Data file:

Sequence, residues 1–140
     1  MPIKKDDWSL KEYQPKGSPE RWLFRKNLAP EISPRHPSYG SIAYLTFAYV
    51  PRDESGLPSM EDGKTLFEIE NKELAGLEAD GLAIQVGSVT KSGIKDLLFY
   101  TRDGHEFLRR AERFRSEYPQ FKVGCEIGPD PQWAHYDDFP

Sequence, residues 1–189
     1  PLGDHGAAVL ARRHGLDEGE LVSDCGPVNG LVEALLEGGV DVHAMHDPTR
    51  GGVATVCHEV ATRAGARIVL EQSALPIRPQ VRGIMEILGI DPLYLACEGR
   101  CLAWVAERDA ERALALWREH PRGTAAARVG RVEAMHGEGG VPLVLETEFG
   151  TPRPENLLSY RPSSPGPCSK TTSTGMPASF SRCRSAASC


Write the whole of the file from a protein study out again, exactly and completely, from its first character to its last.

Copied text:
Sequence, residues 1–140
     1  MPIKKDDWSL KEYQPKGSPE RWLFRKNLAP EISPRHPSYG SIAYLTFAYV
    51  PRDESGLPSM EDGKTLFEIE NKELAGLEAD GLAIQVGSVT KSGIKDLLFY
   101  TRDGHEFLRR AERFRSEYPQ FKVGCEIGPD PQWAHYDDFP

Sequence, residues 1–189
     1  PLGDHGAAVL ARRHGLDEGE LVSDCGPVNG LVEALLEGGV DVHAMHDPTR
    51  GGVATVCHEV ATRAGARIVL EQSALPIRPQ VRGIMEILGI DPLYLACEGR
   101  CLAWVAERDA ERALALWREH PRGTAAARVG RVEAMHGEGG VPLVLETEFG
   151  TPRPENLLSY RPSSPGPCSK TTSTGMPASF SRCRSAASC